Adolescence is often portrayed as a matter of life and death, but that's pretty much the case in helmer Ian FitzGibbon's coming-of-age-with-cancer romance "Death of a Superhero."
Adolescence is often portrayed as a matter of life and death, but that’s pretty much the case in helmer Ian FitzGibbon’s coming-of-age-with-cancer romance “Death of a Superhero.” Pic sidesteps cloying sentimentality and heavy-handedness with the help of a solid cast, led by Thomas Brodie-Sangster as a budding graphic novelist whose days may be numbered, but whose imagination fills the screen with macabre cartoons fueled by anger, frustration and an artistic soul. Mix of live-action and animation could attract a youth audience, but the pic’s general appeal will lie in its honesty and touching performances.
Adapted by screenwriter Andrew McCarten from his own novel, the film relocates the story from New Zealand to Dublin (owing to the involvement of Grand Pictures and the Irish Film Board) and has the virtues of a strong cast. But its chief onscreen innovation is the way it swings between toon and live-action characters, a daredevil trapeze act that keeps it from succumbing to mawkishness and helps to distract from an otherwise fairly rudimentary narrative.
Donald (Brodie-Sangster), lank, pale and bald from chemo, imagines cartoon eruptions that feature his muscular, mute alter ego as well as his arch enemy, the Glove, a villain with syringes for fingers (his sexy, busty accomplice embodies a more typical teenage fantasy). Brodie-Sangster has a challenging role on his hands in that Donald is not an object of pity; he’s funny and keeps things in perspective, except when his fuming anger gets the better of him, prompting the misbehavior that keeps his parents (Michael McElhatton, Sharon Horgan) on tenterhooks.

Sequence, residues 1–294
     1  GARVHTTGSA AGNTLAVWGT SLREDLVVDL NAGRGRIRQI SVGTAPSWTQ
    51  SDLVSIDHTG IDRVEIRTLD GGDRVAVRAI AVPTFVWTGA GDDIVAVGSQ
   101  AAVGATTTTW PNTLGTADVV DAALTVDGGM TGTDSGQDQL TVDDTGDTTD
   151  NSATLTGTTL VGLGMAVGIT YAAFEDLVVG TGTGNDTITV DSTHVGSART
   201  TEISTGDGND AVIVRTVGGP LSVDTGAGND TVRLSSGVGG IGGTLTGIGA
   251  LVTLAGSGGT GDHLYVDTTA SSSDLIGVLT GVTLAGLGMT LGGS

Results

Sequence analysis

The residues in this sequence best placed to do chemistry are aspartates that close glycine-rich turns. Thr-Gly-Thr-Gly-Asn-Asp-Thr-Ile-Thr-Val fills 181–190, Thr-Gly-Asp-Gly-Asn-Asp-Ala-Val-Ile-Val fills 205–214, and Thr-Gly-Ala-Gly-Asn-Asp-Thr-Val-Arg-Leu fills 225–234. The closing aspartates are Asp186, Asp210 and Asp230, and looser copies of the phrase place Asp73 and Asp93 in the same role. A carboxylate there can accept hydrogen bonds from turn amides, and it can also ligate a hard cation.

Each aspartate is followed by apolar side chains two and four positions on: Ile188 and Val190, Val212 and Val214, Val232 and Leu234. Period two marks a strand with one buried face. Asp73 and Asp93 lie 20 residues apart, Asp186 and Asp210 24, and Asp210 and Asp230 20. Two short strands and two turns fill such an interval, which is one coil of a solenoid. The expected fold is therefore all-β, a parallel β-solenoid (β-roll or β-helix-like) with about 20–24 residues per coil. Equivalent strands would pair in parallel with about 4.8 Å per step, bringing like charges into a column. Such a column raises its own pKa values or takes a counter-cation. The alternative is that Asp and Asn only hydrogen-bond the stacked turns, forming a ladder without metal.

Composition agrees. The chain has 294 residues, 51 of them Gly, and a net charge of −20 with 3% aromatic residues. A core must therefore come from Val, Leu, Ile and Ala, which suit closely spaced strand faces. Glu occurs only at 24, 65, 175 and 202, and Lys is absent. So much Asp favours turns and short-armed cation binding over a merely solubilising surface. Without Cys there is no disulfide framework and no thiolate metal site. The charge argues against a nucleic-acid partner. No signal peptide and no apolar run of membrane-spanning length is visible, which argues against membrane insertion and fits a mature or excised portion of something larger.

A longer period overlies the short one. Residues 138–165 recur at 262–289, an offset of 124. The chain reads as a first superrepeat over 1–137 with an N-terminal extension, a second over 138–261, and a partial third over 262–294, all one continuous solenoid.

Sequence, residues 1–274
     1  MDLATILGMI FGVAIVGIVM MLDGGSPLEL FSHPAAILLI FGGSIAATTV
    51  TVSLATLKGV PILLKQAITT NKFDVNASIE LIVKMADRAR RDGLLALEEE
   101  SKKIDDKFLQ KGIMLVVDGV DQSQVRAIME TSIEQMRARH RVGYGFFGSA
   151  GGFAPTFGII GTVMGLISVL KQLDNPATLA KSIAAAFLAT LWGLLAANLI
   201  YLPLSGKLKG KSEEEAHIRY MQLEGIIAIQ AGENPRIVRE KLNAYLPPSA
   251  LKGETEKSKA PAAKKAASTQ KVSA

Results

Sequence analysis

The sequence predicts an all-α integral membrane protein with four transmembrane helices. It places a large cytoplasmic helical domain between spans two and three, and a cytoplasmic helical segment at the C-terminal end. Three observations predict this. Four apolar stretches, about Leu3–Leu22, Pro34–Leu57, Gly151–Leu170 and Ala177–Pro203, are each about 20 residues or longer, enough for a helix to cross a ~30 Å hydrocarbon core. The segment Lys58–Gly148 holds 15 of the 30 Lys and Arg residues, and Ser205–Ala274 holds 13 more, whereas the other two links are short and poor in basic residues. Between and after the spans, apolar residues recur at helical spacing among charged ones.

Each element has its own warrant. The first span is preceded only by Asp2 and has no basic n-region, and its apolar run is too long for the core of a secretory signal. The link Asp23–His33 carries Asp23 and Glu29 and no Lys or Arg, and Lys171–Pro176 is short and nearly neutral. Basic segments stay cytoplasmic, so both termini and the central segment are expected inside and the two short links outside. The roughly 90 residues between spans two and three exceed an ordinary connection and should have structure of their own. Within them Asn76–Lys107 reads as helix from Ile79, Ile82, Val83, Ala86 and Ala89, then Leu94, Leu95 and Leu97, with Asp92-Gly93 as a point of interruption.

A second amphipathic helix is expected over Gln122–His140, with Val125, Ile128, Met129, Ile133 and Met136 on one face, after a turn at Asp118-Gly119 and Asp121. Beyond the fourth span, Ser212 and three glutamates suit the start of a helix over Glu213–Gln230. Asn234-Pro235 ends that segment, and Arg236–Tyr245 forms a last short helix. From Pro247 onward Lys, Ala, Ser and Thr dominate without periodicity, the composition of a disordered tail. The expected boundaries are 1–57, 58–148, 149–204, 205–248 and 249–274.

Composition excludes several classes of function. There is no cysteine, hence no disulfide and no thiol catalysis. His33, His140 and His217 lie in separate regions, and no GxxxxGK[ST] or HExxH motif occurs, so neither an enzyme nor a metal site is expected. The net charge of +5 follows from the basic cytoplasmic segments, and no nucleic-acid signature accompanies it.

As fine as McElhatton and Horgan are, they’re overshadowed by two standouts in addition to Brodie-Sangster. One is Andy Serkis, who plays Dr. Adrian King, the unorthodox death therapist, or thanatologist, to whom Donald’s parents bring their son and with whom he forms a bond. Serkis is something of a revelation, perhaps because his best-known roles have him disguised as something otherworldly or animalistic (Caesar in the recent “Rise of the Planet of the Apes,” for instance, or Gollum in the “Lord of the Rings” trilogy), and here is very human indeed.
FitzGibbon’s other natural resource is the superb Aisling Loftus (“Oranges and Sunshine”) as Shelly, a wry, acerbic teen who seems to be 16 going on 37 and gives Donald precisely what he needs: a reason to feel attractive and alive to someone other than his parents.
Death of a Superhero” doesn’t sugarcoat anything — neither cancer nor the awkward, unpleasant ways people deal with it. It’s a far cry from the broader comedy of the current “50/50,” but there’s a kinship between both films in their attempts to make cancer something other than a plot point or an ominous death sentence, and to acknowledge that people ordinarily deal with incipient catastrophe through a mix of unhappiness and laughter, graveyard humor and tears. In doing this, FitzGibbon (“Perrier’s Bounty”) has achieved something special; even a late scene, in which Donald’s friends (with Dr. King as an accomplice) arrange for a prostitute to ensure that Donald doesn’t die a virgin, is handled well. Much of the credit for this goes to Jessica Schwarz, playing one of the more sensitive hookers in recent cinema.
Production values are good, although the music cues are occasionally ridiculous.